Quick — that may be the best way to describe the university’s response to the floods that inundated the Palmetto State in October 2015. Just a week after the Office of the Vice President for Research asked faculty to submit research proposals to study various aspects of the flood, 34 research projects received seed funding to study such topics as social media communication during the floods, dam breach, economic impact of the disaster, river erosion and more.
Speaking of research, 2016 was a record year for funding and sponsored awards, which surpassed the $250 million mark for the first time. Among the high-dollar grants this year were a $4 million National Science Foundation grant awarded to chemical engineering professor J.R. Regalbuto and colleagues for the exploration of agricultural waste recycling, and $6 million in grants from the National Institute of Mental Health obtained by psychology professor Jane Roberts to study developmental trajectories of disorders such as autism and Fragile X Syndrome.
And let’s not forget stroke research. 2016 was also a great year for Julius Fridriksson (communication sciences and disorders), Souvik Sen (neurology) and Chris Rorden (neuroimaging), whose team announced an $11.1 million grant from the National Institutes of Health to expand their research on stroke and aphasia.
Hardhats and jackhammers were seemingly everywhere in 2016, with new building and renovation projects underway across campus. Among this year’s campus improvements were a new soccer building, renovations to Legare-Pinckney College and classroom and auditorium updates in several buildings. In 2017, the university will welcome the new law school building and a new student health center. That’s right, U is for Under Construction.
And V is for Volunteer. For the fiscal year ending June 30, more than 28,000 students, faculty and staff participated in volunteer activities, according to the Office of Student Affairs and Academic Support. Total service hours amounted to 527,651.73. Monetary donations, meanwhile, totaled $1,634,406.34.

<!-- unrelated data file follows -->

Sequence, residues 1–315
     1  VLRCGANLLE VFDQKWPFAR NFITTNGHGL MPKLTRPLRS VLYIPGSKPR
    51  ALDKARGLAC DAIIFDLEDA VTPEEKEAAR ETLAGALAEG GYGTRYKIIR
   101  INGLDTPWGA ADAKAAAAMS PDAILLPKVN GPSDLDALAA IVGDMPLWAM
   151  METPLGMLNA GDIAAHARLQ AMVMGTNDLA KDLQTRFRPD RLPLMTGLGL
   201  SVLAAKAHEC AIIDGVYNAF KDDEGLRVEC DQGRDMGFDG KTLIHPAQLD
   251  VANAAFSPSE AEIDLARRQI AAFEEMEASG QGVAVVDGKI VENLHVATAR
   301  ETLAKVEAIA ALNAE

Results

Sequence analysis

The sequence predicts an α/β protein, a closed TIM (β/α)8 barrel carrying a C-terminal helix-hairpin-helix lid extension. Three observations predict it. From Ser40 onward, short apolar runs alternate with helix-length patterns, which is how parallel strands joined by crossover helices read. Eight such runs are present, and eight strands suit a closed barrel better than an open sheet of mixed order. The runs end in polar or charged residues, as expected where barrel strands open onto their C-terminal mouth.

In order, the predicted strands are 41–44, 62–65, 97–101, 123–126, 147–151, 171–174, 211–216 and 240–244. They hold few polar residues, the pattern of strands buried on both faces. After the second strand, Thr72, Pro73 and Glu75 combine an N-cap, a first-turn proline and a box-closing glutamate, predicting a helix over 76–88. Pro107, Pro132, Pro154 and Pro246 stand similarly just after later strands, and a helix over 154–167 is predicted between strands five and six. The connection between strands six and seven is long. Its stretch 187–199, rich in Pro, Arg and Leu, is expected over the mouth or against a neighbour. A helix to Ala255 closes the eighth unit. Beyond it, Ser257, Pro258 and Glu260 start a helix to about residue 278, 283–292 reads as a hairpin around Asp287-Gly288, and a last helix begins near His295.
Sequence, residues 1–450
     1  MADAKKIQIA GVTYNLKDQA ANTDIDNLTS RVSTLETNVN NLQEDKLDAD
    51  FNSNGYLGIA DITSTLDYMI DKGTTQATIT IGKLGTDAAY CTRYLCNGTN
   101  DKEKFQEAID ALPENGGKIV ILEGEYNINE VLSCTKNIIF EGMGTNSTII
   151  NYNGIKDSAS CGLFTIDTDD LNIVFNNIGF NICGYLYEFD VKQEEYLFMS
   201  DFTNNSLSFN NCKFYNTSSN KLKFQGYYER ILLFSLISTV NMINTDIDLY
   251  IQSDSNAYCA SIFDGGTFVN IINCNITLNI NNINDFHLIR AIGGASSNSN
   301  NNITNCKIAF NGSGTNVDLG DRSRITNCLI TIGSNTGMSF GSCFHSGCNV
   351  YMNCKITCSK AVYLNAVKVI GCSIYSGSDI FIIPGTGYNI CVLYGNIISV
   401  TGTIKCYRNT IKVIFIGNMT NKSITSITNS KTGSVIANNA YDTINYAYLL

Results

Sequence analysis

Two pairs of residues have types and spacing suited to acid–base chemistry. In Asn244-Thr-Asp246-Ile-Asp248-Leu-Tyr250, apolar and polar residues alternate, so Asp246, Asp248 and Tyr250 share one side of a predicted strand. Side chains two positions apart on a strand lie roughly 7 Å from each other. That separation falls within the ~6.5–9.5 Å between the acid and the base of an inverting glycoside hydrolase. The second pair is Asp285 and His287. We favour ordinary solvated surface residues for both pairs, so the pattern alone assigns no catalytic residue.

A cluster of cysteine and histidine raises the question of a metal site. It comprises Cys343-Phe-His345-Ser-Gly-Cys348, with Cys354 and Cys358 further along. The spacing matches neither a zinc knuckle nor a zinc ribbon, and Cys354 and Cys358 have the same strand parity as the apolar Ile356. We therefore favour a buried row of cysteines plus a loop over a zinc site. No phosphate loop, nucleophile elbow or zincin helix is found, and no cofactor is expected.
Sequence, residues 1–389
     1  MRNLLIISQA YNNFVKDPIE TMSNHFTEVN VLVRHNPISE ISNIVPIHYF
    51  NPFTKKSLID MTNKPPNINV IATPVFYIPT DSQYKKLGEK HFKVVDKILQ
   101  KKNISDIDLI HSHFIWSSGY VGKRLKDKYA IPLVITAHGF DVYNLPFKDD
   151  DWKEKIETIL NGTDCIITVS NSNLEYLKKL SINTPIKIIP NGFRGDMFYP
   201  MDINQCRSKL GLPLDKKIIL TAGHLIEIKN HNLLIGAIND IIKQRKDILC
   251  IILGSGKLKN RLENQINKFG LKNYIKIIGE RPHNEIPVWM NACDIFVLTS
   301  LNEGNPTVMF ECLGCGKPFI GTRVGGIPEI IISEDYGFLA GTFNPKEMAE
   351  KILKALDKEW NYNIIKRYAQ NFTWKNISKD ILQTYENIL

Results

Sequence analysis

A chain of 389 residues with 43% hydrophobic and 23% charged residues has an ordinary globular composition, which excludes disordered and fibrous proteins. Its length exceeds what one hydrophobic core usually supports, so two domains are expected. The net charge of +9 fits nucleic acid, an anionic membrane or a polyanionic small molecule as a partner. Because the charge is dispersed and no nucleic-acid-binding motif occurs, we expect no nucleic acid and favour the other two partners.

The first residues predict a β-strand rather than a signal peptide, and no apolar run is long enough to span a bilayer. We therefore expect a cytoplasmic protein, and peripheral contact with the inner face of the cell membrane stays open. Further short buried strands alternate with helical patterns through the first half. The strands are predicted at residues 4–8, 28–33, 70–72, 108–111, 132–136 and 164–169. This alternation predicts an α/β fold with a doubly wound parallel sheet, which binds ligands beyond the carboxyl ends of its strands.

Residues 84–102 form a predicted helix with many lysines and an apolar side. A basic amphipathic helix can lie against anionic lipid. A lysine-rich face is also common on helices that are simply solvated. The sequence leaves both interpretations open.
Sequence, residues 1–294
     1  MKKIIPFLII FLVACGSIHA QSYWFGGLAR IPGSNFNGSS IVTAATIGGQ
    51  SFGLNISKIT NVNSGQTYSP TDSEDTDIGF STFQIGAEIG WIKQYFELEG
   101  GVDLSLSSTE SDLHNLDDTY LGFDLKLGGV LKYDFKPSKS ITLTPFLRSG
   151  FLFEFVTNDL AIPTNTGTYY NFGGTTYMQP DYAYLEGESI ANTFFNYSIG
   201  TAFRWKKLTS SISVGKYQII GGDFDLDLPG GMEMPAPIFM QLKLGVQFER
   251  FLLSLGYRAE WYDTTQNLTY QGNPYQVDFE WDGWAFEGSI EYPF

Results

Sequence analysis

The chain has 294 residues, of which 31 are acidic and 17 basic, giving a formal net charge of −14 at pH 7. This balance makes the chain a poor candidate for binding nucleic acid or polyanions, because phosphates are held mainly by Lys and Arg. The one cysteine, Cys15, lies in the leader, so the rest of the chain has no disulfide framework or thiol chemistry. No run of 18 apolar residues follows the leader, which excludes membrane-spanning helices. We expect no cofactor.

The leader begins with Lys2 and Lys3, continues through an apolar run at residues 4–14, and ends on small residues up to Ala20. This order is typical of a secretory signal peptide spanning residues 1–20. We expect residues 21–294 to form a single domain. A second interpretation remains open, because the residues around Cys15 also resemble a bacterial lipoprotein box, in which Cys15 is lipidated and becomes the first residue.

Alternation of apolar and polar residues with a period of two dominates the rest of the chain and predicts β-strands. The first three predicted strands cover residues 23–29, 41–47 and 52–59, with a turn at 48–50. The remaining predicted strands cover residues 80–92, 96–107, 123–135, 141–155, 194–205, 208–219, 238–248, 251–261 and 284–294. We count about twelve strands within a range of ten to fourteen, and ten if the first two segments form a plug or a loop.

Every spring and fall semester a dozen or so of the brightest, most ambitious students in South Carolina journey to the nation’s capital to intern in congressional offices, at government agencies and anywhere else where they can learn the about the mechanisms of democracy. The Washington Semester, which is operated through the South Carolina Honors College but open to college students throughout the state, celebrated its 25th anniversary in October. As a tribute, USC Times spoke to several program alumni and a couple of current participant that month. If you missed their stories, look for them now on @UofSCToday.
X marks the spot. Chester DePratter, a research professor at the South Carolina Institute of Archaeology and Anthropology, has been exploring the Spanish settlement of Santa Elena — situated on Parris Island in Beaufort County — for decades. This summer, he and University of Georgia archaeologist Victor Thompson discovered the site of the long-lost fort San Marcos, built in 1577 to protect Santa Elena from Native American attacks. “It’s an important Spanish colonial site,” said DePratter. “It was the northernmost Spanish settlement. It was holding the frontier, essentially.”
Y is for the year ahead, which was the focus of the Darla Moore School of Business’s 36th Annual Economic Outlook Conference Dec. 8. During the conference, Doug Woodward, director of research, and Joseph Von Nessen, a research economist, presented their 2017 economic forecast to more than 150 of the state’s business and community leaders. Among other findings, the two predict the job market in South Carolina to grow by 2.6 percent.
And now you know your ABCs, including Z, which USC Times used to announce that there are “Zero Issues Left” in 2016. USC Times will be back in 2017, though, as will @UofSC Today. Until then, happy holidays.